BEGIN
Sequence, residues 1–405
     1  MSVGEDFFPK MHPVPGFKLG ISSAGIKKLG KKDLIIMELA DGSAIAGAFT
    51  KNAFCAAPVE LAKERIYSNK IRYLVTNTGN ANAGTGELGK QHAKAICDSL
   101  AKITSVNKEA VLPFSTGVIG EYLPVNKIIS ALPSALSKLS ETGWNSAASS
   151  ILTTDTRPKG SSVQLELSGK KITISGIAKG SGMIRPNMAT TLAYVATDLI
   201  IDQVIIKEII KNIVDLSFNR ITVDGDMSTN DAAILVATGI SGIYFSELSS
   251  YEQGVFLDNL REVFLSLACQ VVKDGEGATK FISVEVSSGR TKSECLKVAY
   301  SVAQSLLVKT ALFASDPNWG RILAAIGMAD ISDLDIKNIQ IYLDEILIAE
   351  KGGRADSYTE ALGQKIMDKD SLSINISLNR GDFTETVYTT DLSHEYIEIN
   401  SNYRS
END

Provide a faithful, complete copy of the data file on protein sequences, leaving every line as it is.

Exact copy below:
Sequence, residues 1–405
     1  MSVGEDFFPK MHPVPGFKLG ISSAGIKKLG KKDLIIMELA DGSAIAGAFT
    51  KNAFCAAPVE LAKERIYSNK IRYLVTNTGN ANAGTGELGK QHAKAICDSL
   101  AKITSVNKEA VLPFSTGVIG EYLPVNKIIS ALPSALSKLS ETGWNSAASS
   151  ILTTDTRPKG SSVQLELSGK KITISGIAKG SGMIRPNMAT TLAYVATDLI
   201  IDQVIIKEII KNIVDLSFNR ITVDGDMSTN DAAILVATGI SGIYFSELSS
   251  YEQGVFLDNL REVFLSLACQ VVKDGEGATK FISVEVSSGR TKSECLKVAY
   301  SVAQSLLVKT ALFASDPNWG RILAAIGMAD ISDLDIKNIQ IYLDEILIAE
   351  KGGRADSYTE ALGQKIMDKD SLSINISLNR GDFTETVYTT DLSHEYIEIN
   401  SNYRS